Intraspinal Morphine for Pain
Pain is an enormous social and economic problem. The treatment of chronic pain is also controversial, in part because of the subjectivity of the complaint. Most health care professionals have been trained to treat acute pain, expecting to see changes in vital signs, facial grimacing, and guarding behavior. However, in the chronic pain patient these signs are not evident. Therefore, the only reliable indicator of the presence of pain is the patient’s self-report. This may prove challenging to the health professional when assessing pain in the patient who reports a pain intensity of 10 on a 0 to 10 scale but does not “look as if he/she is in pain.” Reports of intensity scores that do not correlate with behavior are common and may also reflect coping strategies and other patient-specific variables.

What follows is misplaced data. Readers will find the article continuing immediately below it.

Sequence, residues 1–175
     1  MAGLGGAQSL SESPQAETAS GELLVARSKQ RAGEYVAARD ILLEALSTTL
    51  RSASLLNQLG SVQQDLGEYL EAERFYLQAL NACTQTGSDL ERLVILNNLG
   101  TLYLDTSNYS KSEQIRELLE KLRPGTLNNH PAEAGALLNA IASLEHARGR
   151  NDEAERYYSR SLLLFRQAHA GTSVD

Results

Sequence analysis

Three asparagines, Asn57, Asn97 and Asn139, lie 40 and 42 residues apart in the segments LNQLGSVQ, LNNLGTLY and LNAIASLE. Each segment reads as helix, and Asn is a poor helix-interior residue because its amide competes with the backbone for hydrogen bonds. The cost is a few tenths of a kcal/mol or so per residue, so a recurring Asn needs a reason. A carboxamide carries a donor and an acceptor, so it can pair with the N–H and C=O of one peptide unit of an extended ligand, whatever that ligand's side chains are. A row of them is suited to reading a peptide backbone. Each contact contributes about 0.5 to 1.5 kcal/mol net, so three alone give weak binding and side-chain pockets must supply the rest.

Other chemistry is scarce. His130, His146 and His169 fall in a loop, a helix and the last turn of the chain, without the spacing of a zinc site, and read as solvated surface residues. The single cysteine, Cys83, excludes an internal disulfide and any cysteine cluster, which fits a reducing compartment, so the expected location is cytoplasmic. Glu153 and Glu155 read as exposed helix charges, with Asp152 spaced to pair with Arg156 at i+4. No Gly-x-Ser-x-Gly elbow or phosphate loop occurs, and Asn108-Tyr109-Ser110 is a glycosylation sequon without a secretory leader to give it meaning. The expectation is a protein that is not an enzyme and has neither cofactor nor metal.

KeywordsNeuropathic Pain Systemic Opioid Epidural Morphine Intrathecal Morphine Nonmalignant Pain
Unable to display preview. Download preview PDF.